It’s Indigenous History Month
This year the theme for Indigenous History Month is dedicated to missing children, families left behind and the survivors of Residential Schools. Greg Rickford, Minister of Indigenous Affairs, has invited all Ontarians “to take this opportunity and learn more about the rich diversity of Indigenous Peoples and how their contributions and achievements have shaped our province and country for the better.” Recently, we learned about the tragic discovery of the remains of 392 Indigenous children (and rising) on the sites of former Residential Schools in British Columbia and Saskatchewan, it seems more important than ever to take the time to learn more.
Here at Westfield we also continue to want to learn more. Our summer student, Bailey Gruber, has been sharing some of the things that she has learnt while enrolled in Indigenous Studies at McMaster University and how these teachings have shaped what she hopes to do in the future. Here, Bailey shares a personal blog about her journey, her interest in The Three Sisters Teaching and what it means.
I was in Grade 10 when I was first introduced to anything related to Indigenous Studies. It was my history teacher who introduced me to the subject of housing on the Six Nations, the conversation I had with him led me to realize that I had a missing chapter within Canadian History. Originally, I took his Indigenous Studies course because it had to do with history, but his teaching opened my eyes to an entirely new world I knew nothing about. Ever since Grade 11, I have had an interest and passion for Indigenous studies, activism and allyship.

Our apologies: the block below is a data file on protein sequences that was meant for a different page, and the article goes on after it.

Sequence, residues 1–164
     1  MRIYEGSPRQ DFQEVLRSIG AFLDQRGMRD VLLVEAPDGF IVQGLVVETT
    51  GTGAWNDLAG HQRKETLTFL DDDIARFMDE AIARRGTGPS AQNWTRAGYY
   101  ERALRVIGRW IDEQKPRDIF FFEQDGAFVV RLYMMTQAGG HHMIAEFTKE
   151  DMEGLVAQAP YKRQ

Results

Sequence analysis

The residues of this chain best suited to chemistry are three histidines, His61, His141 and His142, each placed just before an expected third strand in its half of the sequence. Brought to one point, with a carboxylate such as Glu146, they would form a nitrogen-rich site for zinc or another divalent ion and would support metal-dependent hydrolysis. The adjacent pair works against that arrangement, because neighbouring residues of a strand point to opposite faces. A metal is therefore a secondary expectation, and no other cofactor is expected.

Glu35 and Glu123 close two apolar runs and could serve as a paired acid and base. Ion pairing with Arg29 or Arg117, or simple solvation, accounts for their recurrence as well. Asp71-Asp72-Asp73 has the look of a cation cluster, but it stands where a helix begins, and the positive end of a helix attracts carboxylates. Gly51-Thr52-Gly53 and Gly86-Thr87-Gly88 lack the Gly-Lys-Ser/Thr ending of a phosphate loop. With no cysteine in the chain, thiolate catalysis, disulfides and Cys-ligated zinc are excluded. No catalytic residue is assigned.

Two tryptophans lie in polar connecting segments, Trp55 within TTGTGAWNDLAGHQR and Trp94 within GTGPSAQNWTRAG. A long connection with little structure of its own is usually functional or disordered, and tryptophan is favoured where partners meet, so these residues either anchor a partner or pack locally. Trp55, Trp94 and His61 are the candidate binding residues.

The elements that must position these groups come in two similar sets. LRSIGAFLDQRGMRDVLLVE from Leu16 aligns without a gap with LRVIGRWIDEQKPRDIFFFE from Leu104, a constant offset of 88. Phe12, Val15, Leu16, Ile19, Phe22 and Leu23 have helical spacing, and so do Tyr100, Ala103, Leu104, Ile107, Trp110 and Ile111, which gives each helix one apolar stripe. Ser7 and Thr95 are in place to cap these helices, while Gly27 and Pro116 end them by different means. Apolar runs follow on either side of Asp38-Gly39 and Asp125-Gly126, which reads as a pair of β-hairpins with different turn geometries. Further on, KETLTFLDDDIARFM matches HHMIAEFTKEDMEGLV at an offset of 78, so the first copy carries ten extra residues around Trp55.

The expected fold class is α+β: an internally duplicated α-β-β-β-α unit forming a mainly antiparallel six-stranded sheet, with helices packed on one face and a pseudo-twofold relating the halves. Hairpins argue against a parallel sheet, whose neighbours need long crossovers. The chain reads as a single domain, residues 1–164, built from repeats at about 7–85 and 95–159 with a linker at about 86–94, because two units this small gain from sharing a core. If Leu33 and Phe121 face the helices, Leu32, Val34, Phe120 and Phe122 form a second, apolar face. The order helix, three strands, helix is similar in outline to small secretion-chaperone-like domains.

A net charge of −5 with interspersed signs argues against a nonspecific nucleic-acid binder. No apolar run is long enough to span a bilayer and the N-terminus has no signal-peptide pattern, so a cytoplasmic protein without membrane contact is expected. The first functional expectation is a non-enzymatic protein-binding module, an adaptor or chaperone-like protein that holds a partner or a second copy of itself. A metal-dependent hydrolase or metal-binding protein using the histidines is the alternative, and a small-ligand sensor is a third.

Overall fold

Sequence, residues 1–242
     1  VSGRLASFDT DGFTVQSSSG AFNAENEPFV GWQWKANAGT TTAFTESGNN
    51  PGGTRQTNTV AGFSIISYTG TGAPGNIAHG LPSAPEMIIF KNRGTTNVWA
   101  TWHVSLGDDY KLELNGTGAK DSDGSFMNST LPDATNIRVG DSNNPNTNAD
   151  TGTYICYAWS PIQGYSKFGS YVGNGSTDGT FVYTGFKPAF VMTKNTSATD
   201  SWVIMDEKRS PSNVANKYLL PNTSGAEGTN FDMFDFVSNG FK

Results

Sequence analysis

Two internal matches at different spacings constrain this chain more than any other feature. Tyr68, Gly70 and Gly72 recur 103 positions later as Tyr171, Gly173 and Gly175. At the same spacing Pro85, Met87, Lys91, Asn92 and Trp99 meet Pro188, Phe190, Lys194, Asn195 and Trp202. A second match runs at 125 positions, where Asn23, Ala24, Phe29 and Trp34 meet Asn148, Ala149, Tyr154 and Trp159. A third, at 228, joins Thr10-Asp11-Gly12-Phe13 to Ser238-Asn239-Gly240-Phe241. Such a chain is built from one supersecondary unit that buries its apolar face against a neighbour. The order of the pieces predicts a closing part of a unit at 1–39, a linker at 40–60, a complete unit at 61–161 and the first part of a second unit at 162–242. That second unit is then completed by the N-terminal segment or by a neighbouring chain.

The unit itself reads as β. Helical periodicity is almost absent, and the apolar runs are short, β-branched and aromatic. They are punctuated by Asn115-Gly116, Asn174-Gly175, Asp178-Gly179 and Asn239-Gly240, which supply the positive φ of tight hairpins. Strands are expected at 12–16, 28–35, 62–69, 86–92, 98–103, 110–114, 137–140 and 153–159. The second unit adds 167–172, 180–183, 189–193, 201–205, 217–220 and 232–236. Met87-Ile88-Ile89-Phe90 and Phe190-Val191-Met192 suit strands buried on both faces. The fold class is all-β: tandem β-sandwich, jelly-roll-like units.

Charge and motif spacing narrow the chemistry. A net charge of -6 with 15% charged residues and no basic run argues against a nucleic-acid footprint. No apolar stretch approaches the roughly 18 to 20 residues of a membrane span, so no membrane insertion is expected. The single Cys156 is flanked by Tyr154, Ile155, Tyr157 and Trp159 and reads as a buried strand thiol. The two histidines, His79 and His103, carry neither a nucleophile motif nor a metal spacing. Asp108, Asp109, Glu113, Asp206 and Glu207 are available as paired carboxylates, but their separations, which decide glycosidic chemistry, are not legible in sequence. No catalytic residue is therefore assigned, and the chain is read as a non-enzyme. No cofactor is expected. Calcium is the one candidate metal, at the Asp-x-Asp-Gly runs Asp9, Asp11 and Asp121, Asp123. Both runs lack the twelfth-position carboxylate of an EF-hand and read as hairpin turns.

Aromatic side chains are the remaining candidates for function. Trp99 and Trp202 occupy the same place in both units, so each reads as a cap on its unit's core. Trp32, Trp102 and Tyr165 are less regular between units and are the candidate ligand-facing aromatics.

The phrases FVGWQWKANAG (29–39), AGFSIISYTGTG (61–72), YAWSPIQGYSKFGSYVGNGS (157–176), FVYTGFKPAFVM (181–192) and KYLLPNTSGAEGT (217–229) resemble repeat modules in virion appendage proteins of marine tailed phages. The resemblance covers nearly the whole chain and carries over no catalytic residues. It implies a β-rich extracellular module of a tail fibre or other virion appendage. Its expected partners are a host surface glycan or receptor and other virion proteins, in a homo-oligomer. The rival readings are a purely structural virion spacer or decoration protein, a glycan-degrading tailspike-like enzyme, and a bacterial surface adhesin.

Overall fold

Throughout my university experience I always knew that I wanted to have a hands-on job, but I could never narrow it down to just one career. After a course on Traditional Ecological Knowledge, I realized that I was the happiest growing plants. I became really interested in growing sustainable food sources accessible to all.
The more I focused on growing plants, the more enjoyment I found in the activity. Soon enough I was more than happy to attempt to grow any type of plant I came across. I continue to find the growth process very fascinating. I was always curious to know how plants and food grow in the ground. When I took a course on Traditional Ecological Knowledge, one teaching has stuck with me in particular. The teaching of the Three Sisters has always interested me with how each plant relies on the other to grow. The Three Sisters teaching focuses on how corn, beans and squash can grow together without interfering or taking more nutrients away from the others. The teaching itself has many versions and meanings, well beyond growing a successful crop, and for me it has taught me that good relationships help you grow, not hinder you.
The lessons I learn everyday from Traditional Knowledge is heartwarming and healing. My journey through Indigenous Studies has become much more than just a career for me, it has become a healing aspect of my life. Although it has taken me almost 5 years to figure out where I want to take my career, it has been a very interesting journey getting there.
The Three Sisters – As told by Kitty Lickers and Robin Wall Kimmerer
Kitty Lickers is an Indigenous Professor teaching Indigenous Studies at McMaster University and Robin Wall Kimmerer is an Indigenous scientist, artist and the author of Braiding Sweetgrass.
This teaching has a way to pull you in and remind you of your own life. The Three Sisters belongs to the Traditional Ecological Knowledge teachings of the Mohawk Peoples. The Three Sisters consist of corn, beans, and squash, all seeded in a dirt mound.